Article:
Coronavirus: Will the DVD do? Music correspondent Brian Hick contemplates opera under lockdown
Hastings based music correspondent and opera lover Brian Hick continues his series looking at how music lovers can get through the lockdown.
He writes: At the end of Week One of the lockdown we found ourselves watching The Dancing Years.
Now I love Ivor Novello and so indulged myself for a couple of hours but it started me thinking. In the last few weeks we have been inundated with suggestions for what we can watch, or catch up on, online, to say nothing of the vast collections of DVDs which many of us have and the ease with which we can obtain or download new ones. However, my collection of films and particularly opera does not necessarily provide the comforting gratification of many produced earlier last century, be it The Dancing Years or Oh Rosalinda.
While a challenging production – like ENO’s recent Luisa Miller – may be acceptable live in the theatre, it is quite another thing in the comfort, to say nothing of distractions, of your own living room. To this one might add the reality of trying to get isolated with one’s other half. No matter how well we get on, our musical tastes are not quite the same and given the open-plan nature of our house, sound carries. If Sally is listening to Scala Radio upstairs it drifts down to where I am, and there is a limit to how much Wagner or Strauss she wants to hear, particularly mid-morning.
The compromise would normally be headphones but I have to admit I find these uncomfortable for any length of time, and I don’t like watching opera on a very small screen. A few years ago, when I was working regularly in Bristol, I recall watching Parsifal on my phone, with headphones, on GWR. It was not quite the Bayreuth experience Wagner anticipated.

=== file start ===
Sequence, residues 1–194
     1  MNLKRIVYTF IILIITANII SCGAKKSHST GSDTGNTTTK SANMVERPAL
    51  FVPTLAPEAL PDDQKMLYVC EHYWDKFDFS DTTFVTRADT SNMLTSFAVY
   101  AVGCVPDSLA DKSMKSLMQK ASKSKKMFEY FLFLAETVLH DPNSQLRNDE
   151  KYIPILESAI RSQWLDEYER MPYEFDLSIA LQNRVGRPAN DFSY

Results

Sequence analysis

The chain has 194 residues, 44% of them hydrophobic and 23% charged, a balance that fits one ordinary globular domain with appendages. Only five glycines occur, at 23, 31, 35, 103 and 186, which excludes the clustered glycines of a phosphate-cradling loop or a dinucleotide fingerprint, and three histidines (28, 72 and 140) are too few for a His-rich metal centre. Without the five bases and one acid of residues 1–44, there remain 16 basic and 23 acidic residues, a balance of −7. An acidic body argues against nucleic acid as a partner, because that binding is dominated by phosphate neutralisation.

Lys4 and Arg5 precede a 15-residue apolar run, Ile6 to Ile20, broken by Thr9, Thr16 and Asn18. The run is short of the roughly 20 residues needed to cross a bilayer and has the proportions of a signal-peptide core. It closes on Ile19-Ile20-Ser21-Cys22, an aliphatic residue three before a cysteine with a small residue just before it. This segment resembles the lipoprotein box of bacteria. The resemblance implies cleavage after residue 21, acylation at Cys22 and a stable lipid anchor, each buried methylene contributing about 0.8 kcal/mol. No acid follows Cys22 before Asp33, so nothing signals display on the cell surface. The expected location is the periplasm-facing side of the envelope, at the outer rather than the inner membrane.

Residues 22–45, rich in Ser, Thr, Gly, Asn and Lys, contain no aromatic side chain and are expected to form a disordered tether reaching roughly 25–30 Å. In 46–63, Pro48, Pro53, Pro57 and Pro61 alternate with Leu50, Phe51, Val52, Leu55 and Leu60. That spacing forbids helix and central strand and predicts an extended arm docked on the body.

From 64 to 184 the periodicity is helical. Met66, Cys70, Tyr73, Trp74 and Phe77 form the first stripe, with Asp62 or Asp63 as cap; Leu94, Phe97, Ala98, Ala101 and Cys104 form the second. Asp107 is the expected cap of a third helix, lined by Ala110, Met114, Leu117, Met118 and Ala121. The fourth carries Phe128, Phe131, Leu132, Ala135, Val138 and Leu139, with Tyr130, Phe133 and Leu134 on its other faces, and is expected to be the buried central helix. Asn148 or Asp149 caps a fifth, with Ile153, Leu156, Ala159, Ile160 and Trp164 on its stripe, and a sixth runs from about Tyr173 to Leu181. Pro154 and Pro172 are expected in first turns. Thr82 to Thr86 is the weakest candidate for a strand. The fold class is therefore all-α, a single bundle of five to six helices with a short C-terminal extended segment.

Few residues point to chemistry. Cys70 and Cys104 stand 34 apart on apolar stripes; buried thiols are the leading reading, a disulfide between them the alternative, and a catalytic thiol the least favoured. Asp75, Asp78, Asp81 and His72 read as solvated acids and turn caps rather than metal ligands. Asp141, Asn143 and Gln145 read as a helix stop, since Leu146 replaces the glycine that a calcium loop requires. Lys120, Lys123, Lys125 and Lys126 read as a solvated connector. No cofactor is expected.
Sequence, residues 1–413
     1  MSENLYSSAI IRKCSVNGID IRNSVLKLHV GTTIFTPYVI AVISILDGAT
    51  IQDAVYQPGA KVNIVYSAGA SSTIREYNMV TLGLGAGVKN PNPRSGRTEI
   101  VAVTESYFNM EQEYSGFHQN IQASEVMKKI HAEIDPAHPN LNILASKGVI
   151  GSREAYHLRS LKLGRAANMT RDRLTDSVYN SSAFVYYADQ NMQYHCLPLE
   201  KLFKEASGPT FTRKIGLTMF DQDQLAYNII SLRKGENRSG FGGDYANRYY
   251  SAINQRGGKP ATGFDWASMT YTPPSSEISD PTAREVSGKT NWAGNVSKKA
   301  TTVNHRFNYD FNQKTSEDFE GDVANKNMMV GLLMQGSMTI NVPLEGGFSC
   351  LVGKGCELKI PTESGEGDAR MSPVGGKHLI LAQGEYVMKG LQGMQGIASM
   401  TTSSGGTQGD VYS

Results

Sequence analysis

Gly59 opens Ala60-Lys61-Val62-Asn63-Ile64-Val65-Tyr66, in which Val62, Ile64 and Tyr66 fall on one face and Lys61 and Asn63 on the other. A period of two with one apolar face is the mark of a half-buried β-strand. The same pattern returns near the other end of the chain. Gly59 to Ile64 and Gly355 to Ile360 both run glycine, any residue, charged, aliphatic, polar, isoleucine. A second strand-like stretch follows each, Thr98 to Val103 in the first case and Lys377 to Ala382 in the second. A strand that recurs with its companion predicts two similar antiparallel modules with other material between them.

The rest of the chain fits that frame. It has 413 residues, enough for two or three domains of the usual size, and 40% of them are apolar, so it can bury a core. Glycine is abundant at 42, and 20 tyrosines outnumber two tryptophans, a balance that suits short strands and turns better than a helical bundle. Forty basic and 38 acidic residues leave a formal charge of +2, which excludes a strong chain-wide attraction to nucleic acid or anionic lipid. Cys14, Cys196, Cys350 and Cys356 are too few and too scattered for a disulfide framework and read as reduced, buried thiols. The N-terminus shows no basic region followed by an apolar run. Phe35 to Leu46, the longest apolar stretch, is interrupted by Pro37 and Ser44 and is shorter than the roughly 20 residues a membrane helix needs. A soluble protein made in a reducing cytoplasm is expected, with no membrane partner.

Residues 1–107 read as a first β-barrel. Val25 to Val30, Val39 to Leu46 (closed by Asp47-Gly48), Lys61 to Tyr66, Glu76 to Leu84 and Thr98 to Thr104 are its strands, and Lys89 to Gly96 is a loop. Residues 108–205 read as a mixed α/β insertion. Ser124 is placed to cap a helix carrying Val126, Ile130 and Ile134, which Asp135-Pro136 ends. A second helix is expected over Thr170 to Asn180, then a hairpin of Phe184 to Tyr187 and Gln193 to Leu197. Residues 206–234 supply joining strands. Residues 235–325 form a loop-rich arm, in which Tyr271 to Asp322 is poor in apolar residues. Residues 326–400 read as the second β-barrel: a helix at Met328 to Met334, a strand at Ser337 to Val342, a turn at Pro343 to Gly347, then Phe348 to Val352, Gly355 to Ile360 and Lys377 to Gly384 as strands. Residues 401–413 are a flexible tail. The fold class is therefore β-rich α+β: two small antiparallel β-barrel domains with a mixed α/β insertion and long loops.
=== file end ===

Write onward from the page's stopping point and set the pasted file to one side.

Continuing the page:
Which brings me back to The Dancing Years. Taken superficially this is little more than an escapist dream of an over-romanticised Vienna. Yet there is more going on here than the chocolate-box delights of the highly studio-bound sets. The Nazi threat is hinted at rather than exposed, and the moral implications of a child out of wedlock lead inevitably to a tear-jerking finale. As a viewer we can choose to overlook these implications and simply indulge in the sentimentality. For those of us who hope to get a deeper emotional and intellectual experience from art forms, there are significant layers to be explored.
I suspect that this is the problem of many of our most recent opera productions. If some Metropolitan Opera stagings seem old-fashioned, they are at least sumptuous to look at. By contrast the constant insistence on modern dress revivals and ‘relevance’ from a large number of recent productions, both here and across Europe, can too often tip the viewer in the opposite direction, putting the viewer off just when the director wants them to engage. Thankfully there are many directors who can find the right balance between the two and, from the plethora of releases in the last few months, may I recommend a few if you really don’t know where to start – together with a fine ballet performance and potentially the best Bach you will ever encounter on the piano.
Wagner: Tristan und Isolde Teatro Opera Rome, Daniele Gatti CMAJOR 752208
The finest recent recording and the third act is overwhelming.
Tchaikovsky: Eugene Onegin Bolshoi Opera, Alexander Vedernikov BELAIR BAC246
A slightly unusual approach but it works well and is musically fine.
Verdi: La Traviata Royal Opera House, Antonello Manacorda OPUS ARTE OA12920
Surprisingly traditional for a recent production but hugely enjoyable.
Tchaikovsky: Swan Lake Ballet Company of the National Opera of Ukraine BELAIR BAC174
About as traditional as possible but exactly what you might need for a cosy evening.
Bach: Well-tempered Clavier Book I & II Andras Schiff, piano NAXOS 2.110653 & 2.110654
Recorded at the 2018 Prom concerts this is a wonderful live recording with an audience fully concentrated and rapt.
Hopefully these, and others, will tide us over until we can sit next to each other again to enjoy live opera from Opera South East, Ellen Kent and Ensemble OrQuesta.